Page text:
The Holy Father | Encyclicals | Download Help
Ioannes Paulus PP. II
1991 05 01
IntraText CT - Text
1. The Centenary of the promulgation of the Encyclical which begins with the words "Rerum novarum",1 by my predecessor of venerable memory Pope Leo XIII, is an occasion of great importance for the present history of the Church and for my own Pontificate. It is an Encyclical that has the distinction of having been commemorated by solemn Papal documents from its fortieth anniversary to its ninetieth. It may be said that its path through history has been marked by other documents which paid tribute to it and applied it to the circumstances of the day.2
In doing likewise for the hundredth anniversary, in response to requests from many Bishops, Church institutions, and study centres, as well as business leaders and workers, both individually and as members of associations, I wish first and foremost to satisfy the debt of gratitude which the whole Church owes to this great Pope and his "immortal document".3 I also mean to show that the vital energies rising from that root have not been spent with the passing of the years, but rather have increased even more. This is evident from the various initiatives which have preceded, and which are to accompany and follow the celebration, initiatives promoted by Episcopal Conferences, by international agencies, universities and academic institutes, by professional associations and by other institutions and individuals in many parts of the world.
2. The present Encyclical is part of these celebrations, which are meant to thank God — the origin of "every good endowment and every perfect gift" (Jas 1:17) — for having used a document published a century ago by the See of Peter to achieve so much good and to radiate so much light in the Church and in the world. Although the commemoration at hand is meant to honour Rerum novarum, it also honours those Encyclicals and other documents of my Predecessors which have helped to make Pope Leo's Encyclical present and alive in history, thus constituting what would come to be called the Church's "social doctrine", "social teaching" or even "social magisterium".
The validity of this teaching has already been pointed out in two Encyclicals published during my Pontificate: Laborem exercens on human work, and Sollicitudo rei socialis on current problems regarding the development of individuals and peoples.4
3. I now wish to propose a "re-reading" of Pope Leo's Encyclical by issuing an invitation to "look back" at the text itself in order to discover anew the richness of the fundamental principles which it formulated for dealing with the question of the condition of workers. But this is also an invitation to "look around" at the "new things" which surround us and in which we find ourselves caught up, very different from the "new things" which characterized the final decade of the last century. Finally, it is an invitation to "look to the future" at a time when we can already glimpse the third Millennium of the Christian era, so filled with uncertainties but also with promises — uncertainties and promises which appeal to our imagination and creativity, and which reawaken our responsibility, as disciples of the "one teacher" (cf. Mt 23:8), to show the way, to proclaim the truth and to communicate the life which is Christ (cf. Jn 14:6).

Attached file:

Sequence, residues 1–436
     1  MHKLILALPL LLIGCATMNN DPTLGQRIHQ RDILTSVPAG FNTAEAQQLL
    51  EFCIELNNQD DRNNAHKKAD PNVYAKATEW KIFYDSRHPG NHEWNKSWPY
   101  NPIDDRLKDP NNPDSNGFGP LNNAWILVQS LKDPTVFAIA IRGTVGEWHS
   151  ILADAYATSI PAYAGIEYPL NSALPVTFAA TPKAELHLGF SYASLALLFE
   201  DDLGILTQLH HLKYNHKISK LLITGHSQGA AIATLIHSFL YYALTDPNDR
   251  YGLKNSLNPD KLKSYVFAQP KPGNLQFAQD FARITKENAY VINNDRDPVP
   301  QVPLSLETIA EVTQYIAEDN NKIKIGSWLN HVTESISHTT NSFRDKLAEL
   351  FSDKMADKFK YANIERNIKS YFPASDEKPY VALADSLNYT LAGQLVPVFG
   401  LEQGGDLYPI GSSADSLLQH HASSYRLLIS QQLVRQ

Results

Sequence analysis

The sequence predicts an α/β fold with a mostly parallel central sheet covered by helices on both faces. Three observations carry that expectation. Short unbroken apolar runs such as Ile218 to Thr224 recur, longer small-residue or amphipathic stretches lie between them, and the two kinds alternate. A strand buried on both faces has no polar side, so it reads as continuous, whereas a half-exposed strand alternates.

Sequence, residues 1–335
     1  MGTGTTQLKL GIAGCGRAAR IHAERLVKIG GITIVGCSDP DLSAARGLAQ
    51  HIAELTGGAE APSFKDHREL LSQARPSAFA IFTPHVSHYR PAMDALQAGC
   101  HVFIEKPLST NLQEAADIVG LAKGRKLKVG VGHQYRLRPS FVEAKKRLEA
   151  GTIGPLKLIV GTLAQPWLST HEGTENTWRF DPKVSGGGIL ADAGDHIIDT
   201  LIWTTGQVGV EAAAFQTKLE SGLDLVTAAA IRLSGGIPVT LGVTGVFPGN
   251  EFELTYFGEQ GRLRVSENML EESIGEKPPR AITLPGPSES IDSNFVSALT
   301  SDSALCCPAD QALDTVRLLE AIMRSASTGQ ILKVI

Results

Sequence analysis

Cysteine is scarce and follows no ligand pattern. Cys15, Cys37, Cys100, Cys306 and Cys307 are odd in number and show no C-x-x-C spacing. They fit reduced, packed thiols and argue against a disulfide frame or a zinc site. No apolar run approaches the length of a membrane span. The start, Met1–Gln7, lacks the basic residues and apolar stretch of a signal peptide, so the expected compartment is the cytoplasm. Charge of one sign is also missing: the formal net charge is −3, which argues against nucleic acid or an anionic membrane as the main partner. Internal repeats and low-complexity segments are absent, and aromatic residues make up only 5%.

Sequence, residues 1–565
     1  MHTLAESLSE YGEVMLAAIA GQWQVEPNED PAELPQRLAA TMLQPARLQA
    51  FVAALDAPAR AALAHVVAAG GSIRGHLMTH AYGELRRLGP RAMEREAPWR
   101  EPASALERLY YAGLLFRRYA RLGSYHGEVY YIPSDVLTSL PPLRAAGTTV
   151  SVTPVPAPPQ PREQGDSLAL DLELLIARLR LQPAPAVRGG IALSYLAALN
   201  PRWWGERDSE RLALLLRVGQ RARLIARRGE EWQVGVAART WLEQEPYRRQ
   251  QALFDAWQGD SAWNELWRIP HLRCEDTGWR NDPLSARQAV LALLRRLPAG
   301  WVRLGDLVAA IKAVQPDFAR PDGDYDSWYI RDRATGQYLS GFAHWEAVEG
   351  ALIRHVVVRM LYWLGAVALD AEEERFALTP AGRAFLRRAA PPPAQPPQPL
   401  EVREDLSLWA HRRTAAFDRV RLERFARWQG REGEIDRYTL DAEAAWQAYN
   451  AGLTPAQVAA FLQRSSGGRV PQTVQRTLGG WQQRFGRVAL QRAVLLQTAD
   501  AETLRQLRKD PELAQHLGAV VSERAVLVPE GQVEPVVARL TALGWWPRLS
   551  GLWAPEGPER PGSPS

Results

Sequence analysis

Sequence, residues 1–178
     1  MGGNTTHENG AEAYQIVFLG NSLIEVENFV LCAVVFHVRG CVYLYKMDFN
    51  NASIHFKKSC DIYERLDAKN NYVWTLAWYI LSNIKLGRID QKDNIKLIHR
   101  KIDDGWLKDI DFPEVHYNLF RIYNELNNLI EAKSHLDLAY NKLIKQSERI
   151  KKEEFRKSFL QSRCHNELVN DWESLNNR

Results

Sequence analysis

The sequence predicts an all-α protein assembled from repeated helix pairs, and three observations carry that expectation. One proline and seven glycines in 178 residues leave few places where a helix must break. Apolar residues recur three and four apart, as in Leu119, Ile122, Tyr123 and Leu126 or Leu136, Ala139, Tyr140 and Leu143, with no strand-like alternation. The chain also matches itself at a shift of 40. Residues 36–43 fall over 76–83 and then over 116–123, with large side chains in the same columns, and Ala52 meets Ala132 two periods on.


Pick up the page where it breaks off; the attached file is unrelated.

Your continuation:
A re-reading of this kind will not only confirm the permanent value of such teaching, but will also manifest the true meaning of the Church's Tradition which, being ever living and vital, builds upon the foundation laid by our fathers in the faith, and particularly upon what "the Apostles passed down to the Church"5 in the name of Jesus Christ, who is her irreplaceable foundation (cf. 1 Cor 3:11).
It was out of an awareness of his mission as the Successor of Peter that Pope Leo XIII proposed to speak out, and Peter's Successor today is moved by that same awareness. Like Pope Leo and the Popes before and after him, I take my inspiration from the Gospel image of "the scribe who has been trained for the kingdom of heaven", whom the Lord compares to "a householder who brings out of his treasure what is new and what is old" (Mt 13:52). The treasure is the great outpouring of the Church's Tradition, which contains "what is old" — received and passed on from the very beginning — and which enables us to interpret the "new things" in the midst of which the life of the Church and the world unfolds.
Among the things which become "old" as a result of being incorporated into Tradition, and which offer opportunities and material for enriching both Tradition and the life of faith, there is the fruitful activity of many millions of people, who, spurred on by the social Magisterium, have sought to make that teaching the inspiration for their involvement in the world. Acting either as individuals or joined together in various groups, associations and organizations, these people represent a great movement for the defence of the human person and the safeguarding of human dignity. Amid changing historical circumstances, this movement has contributed to the building up of a more just society or at least to the curbing of injustice.
The present Encyclical seeks to show the fruitfulness of the principles enunciated by Leo XIII, which belong to the Church's doctrinal patrimony and, as such, involve the exercise of her teaching authority. But pastoral solicitude also prompts me to propose an analysis of some events of recent history. It goes without saying that part of the responsibility of Pastors is to give careful consideration to current events in order to discern the new requirements of evangelization. However, such an analysis is not meant to pass definitive judgments since this does not fall per se within the Magisterium's specific domain.